LONDON, Jan 30 (Reuters) – Consumer goods giant Unilever on Monday appointed Hein Schumacher to replace Alan Jope as chief executive from July 1, a move hailed by board member and shareholder Nelson Peltz. activist.
Schumacher, 51, joined Unilever in October last year as a non-executive director and is currently the head of Dutch dairy company FrieslandCampina. His appointment marks the first time that Unilever has handed the top job to an executive from outside Unilever since it poached Paul Polman from Nestlé in 2008.
Unilever, one of the world’s largest consumer companies with more than 400 brands ranging from detergent to ice cream, said in September that Jope planned to retire at the end of 2023.
Schumacher, who was previously with Royal Ahold NV, also worked for HJ Heinz for a decade in the United States, Europe and Asia.
Billionaire activist investor Nelson Peltz, who leads investor Trian Partners, said he strongly supports Schumacher “as the new CEO and looks forward to working closely with him to create meaningful sustainable value for stakeholders. “. Peltz became a member of Unilever’s board in July after it was revealed early last year that he had acquired a stake in the company.
“I first met Hein when I was a director of the HJ Heinz Company from 2006 to 2013 and was impressed with his leadership skills and business acumen,” Peltz said.
Peltz, through his Trian fund, owns a nearly 1.5% stake in Unilever, making it the fourth-largest shareholder, according to data from Refinitiv Eikon.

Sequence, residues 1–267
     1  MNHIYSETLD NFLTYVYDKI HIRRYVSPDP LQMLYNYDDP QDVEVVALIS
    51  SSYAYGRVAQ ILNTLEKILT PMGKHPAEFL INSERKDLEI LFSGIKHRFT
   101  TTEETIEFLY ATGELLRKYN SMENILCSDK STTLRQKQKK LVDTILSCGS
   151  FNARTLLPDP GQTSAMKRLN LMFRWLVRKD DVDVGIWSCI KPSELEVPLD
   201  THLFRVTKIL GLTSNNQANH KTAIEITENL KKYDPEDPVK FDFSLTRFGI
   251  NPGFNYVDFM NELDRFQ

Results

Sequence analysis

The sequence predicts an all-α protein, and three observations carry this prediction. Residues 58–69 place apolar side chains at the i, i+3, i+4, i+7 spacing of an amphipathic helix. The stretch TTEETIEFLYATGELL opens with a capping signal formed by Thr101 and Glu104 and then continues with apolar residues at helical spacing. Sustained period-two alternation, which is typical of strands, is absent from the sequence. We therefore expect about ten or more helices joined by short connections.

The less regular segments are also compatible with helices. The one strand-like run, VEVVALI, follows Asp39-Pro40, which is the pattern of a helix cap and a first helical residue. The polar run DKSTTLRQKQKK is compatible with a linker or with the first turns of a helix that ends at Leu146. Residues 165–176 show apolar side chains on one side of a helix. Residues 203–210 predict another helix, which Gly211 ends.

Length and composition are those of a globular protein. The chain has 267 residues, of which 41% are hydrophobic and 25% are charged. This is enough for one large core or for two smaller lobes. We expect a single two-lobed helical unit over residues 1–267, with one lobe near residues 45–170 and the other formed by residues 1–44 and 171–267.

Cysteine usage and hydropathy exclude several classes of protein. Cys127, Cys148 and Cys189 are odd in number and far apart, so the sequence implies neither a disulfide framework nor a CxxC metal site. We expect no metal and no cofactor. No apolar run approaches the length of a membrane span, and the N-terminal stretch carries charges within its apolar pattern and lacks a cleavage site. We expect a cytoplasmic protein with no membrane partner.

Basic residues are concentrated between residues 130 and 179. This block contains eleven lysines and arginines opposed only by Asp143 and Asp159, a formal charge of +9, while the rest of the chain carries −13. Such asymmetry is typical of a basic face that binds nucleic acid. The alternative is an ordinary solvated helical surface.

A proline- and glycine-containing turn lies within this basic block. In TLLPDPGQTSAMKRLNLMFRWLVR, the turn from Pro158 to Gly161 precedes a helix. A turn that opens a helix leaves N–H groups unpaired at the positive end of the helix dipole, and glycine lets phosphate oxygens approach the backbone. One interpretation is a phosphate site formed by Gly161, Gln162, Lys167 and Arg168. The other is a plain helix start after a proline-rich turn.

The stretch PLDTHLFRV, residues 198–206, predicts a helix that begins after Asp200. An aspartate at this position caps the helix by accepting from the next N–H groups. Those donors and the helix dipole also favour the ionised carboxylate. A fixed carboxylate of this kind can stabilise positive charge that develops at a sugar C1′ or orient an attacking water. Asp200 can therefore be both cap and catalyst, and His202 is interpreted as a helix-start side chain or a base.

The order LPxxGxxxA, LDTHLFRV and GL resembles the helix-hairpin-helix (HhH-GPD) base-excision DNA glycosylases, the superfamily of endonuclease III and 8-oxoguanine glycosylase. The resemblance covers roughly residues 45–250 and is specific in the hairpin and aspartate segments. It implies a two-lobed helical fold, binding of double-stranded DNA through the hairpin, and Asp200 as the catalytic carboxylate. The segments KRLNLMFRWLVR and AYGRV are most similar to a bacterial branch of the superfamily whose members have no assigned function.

Unilever was considering internal and external candidates for this position.
Sources told Reuters in October that the nominees included chief financial officer Graeme Pitkethly, personal care division chief Fabian Garcia and Hanneke Faber, who heads the company’s nutrition group.
“It’s good that Schumacher has a lot of industry experience outside of Unilever, especially internationally,” said Tineke Frikee, fund manager at Unilever shareholder Waverton Investment Management.
“I do note, however, that her background is primarily in food, rather than beauty and personal care. This may lead the market to reduce the likelihood of a possible food fallout.”
Unilever’s food business includes Ben & Jerry’s Ice Cream, Colman’s Mustard, Hellman’s Mayonnaise and Knorr Bouillon Cubes.
Some investors and analysts have speculated over the past year that Unilever may spin off what they see as a weaker food company to focus on personal goods, beauty and home care.
Analysts at Jefferies and RBC Capital welcomed Unilever’s appointment of an outside CEO, saying investors would support the move.
“We believe Unilever needs a cultural and organizational overhaul,” RBC analyst James Edwardes Jones wrote in a note.
Schumacher brings “front-line experience,” Jefferies analysts said.
Reporting by Yadarisa Shabong and Richa Naidu; Editing by Janane Venkatraman, Dhanya Ann Thoppil and Matt Scuffham
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